A bizarre but brilliant example of Animal Crossing adorableness found on Tumblr.

I recently had some kind of bad family news the other week. A relative of mine has died after a long stint in hospital. I won’t be any more graphic about the situation than that because it somehow doesn’t feel right to put such a personal matter into a blog for all to see. I’m not saying this because I want people to say ‘Sorry for your loss’ or anything because that’s just a stupid thing people say and it doesn’t mean anything. That in itself isn’t the issue I want to talk about.

No, what I wanted to say is just how important it is to cherish the moment and the people and the life you have, because, as the song says ‘Anything Could Happen’. This family thing got me thinking about what it is to be alive here and now. Y’know sometimes it’s easy to be negative. Hell, my rants are a testament to that. Isn’t it so much easier to talk about the things you don’t like than discuss the things that you do? The sad truth of the matter is that most of us take the good stuff for granted. Think about something as controversial as politics, for example, I’m pretty sure that most people want to rant about how little our government is doing to help him or her or me or you, but no one ever stops to think how lucky we are. In some countries people can’t even grumble about their leading politicians without being arrested. So there’s a big matter, but what about a little one? Think about your friends; how often do you tell them how much you appreciate them? For me, not very often. I do, but I don’t say it. Well maybe I should. Maybe I’ll say it now; I do appreciate you all, even if I don’t always say it. I know it sounds simple but you don’t always have to be grand to be honest.

Google search for ‘Appreciate life’.

The whole world could change at any moment so y’know, be happy with what you have. Just stop complaining for once and try to see the good.

And staying inside to do an essay all week isn’t good. There’s a whole world out there and it never stops and it never slows down and if you miss it then it’s gone forever. Maybe there’s such a thing as afterlife or reincarnation or whatever, but no one can prove it, and so we have to live every day like it’s our last because one day it will be. When I’m dying and I look back at my life, I don’t want to have anything to regret. Carpe Diem.

With that said, I’m going to sign off. I didn’t plan to write this blog about anything and I’ve ended up with 1122 words. If only essay writing was so easy… speak to you soon!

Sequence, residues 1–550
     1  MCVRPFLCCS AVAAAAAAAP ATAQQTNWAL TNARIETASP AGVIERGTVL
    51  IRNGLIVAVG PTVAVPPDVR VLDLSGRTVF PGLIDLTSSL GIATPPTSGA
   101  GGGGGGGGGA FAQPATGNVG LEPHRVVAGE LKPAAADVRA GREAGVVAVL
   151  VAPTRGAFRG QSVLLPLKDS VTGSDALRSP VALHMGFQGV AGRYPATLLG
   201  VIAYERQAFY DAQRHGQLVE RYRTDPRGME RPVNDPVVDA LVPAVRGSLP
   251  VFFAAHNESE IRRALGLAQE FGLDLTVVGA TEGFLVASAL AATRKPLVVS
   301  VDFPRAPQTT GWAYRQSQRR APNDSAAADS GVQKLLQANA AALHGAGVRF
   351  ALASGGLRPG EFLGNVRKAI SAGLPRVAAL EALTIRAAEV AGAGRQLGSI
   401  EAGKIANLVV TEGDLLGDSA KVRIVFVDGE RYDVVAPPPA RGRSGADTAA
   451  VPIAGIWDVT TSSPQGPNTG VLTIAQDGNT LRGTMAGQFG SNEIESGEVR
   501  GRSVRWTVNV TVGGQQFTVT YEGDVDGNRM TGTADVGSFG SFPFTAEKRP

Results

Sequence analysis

Jack out.

PS. Not that I’m begging for comments or anything, but I do appreciate them, and I do appreciate reading what my readers have to say on the stuff I talk about, so don’t be afraid to drop me a line! 🙂

The role of a lifetime, it’s living a fantasy. A drama that you struggle to erase.

I refuse to be one of those dreadful bloggers who apologizes for never updating their blog.

The easiest option would be to just stop writing in my blog and let that be the end of it, but where would I post my rants when 140 characters just isn’t enough? So instead I fall back on my second option: not apologizing. If you have a problem with my lack of recent posts – get over it. If, as I assume most people will, you aren’t particularly bothered then keep reading.

As you’ve probably guessed today’s post will be a ranty one. And this evening the subject of ranting is… (drumroll)


Now, as much as I’d like to simply rant about all the gay stereotypes which get on my nerves, I realize that I couldn’t possibly attempt to do that without offending certain people, being a huge hypocrite, and generally not being very nice. But then, I do conform to the awful gay cliche (which you’ll have to deal with not having an accent on because I cannot be bothered to put one on there every time) of being a dreadful bitch, so I guess some people will get offended. But there you go. What can you do? Be offended if you wish. Throw me a comment, argue your case, tell me what you think. I always appreciate feedback on the things I write!

Oh and be prepared for lots of hypocrisy.

I don’t particularly want to go on a rant about how ‘I hate gays’. In fact, that is the first awful gay cliche that I am sick and tired of hearing. Even though I say it sometimes. When I say it I say it because I want to set myself apart from all the other gay guys, I want to make my heterosexual friends feel more comfortable with me, and sometimes because I’m tired of awful gay cliches. The thing is though, it’s a ridiculous comment to make. You can’t fit a whole group of people into one massive box based on something as all-encompassing as sexuality. The fact is that with these big terms like ‘gay’ and ‘straight’ you have to be very specific. ‘I get really annoyed by overly masculine straight guys who seek to prove their straightness to me at every possible opportunity’ is a more meaningful thing to say than ‘I hate straights’. If you’re gay just think before you say ‘I hate gays’ that you’ll probably be having sex with one at some point. Just saying.

But, nevertheless, I do understand where people are coming from when they say ‘I hate gays’. Those people are usually referring to the next in my series of awful gay cliches: overly effeminate gays/overly masculine lesbians. Some gay guys are pretty feminine and some gay girls are pretty masculine, fair enough, stereotypes don’t come out of no where. Some boys like musicals and some girls like vaginas – get over it. But I SWEAR that some people put it on. I have met gay guys who act as though they are women with penises and a serious lacks of breasts. It’s very easy to see a stereotype of gay people and act up to it because people expect you to. I do it more frequently than I’d like to. It is so annoying. And it’s so transparent. There is no one on the planet who can’t see that it’s a skin you’re wearing, a part you’re playing and to all the people who are watching you and seeing through it; it looks ridiculous. Just be yourself, don’t play up to stereotypes.